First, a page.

Air Pollution Doesn’t Just Impact Health and Safety
Air pollution can have a devastating impact upon the health and welfare of humans, plants, animals, insects... in fact pretty much every living creature. Pollutants and contaminants in the air can be inhaled and absorbed into the cells of living organisms, damaging them and causing illness and death depending upon the extent of the damage done. It is for this reason that environmental health and safety has begun to be taken much more seriously over the last couple of decades, with increasing amounts of rules and regulations coming into force, along with an increased demand for qualifications like the NEBOSH Environmental Certificate, as countries try and reduce their impacts upon the environment on a local, national and global level.
However, air pollution has effects which are not solely limited to the health and safety of living creatures or their welfare. Whilst this is the most important, there are also other considerations and consequences that also come with air pollution.
For starters there is damage to historic buildings, statues, monuments etc by acid rain, reaction with substances in the air or being covered in deposits of particulates. This can irreversibly damage or destroy the objects in question, or result in extensive financial costs to repair. Either way the historical originality of the piece will be lost.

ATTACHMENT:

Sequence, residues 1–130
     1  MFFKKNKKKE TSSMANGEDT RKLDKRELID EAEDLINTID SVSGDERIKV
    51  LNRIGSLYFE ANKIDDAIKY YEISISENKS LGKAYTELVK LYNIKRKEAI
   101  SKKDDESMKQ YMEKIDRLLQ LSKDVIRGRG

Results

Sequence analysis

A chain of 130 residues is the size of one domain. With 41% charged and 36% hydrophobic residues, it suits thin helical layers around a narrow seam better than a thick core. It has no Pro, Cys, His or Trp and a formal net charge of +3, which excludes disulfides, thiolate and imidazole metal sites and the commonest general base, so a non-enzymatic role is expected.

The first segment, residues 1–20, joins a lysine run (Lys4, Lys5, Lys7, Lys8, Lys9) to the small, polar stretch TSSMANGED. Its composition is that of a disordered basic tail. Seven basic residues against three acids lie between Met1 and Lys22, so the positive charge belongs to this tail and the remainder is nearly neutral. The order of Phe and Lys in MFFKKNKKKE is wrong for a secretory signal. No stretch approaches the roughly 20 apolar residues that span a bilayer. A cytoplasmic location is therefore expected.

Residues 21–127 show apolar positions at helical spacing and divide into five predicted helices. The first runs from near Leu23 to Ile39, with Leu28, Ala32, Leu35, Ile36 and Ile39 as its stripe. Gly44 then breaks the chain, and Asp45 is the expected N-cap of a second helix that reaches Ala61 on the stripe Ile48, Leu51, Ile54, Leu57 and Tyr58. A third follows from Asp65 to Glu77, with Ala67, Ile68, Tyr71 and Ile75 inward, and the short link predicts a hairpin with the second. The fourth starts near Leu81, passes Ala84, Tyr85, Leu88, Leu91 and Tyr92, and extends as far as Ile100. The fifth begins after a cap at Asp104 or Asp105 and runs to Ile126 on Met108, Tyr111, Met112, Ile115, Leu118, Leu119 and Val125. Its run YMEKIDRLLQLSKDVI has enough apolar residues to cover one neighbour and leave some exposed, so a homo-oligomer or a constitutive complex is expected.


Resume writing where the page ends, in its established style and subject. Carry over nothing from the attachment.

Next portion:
The financial costs are in fact another major reason for everybody to reduce air pollution. Not only does money need to be spent in repairing and restoring items damaged by pollution, but this air pollution can damage the environment in such a way that it affects the livelihoods of crop growers and those relying upon the land for produce to sell. Air pollution which causes acid rain can also decimate stocks of fish and other aquatic creatures which affects those in the fish farming industry.
Even if the air pollution does not cause any damage to health, there are still unpleasant and undesirable consequences which come with it, including the inconvenience of reduced visibility (which can in fact be a danger as there is an increased risk of collisions), and unpleasant smells and odours which may be present.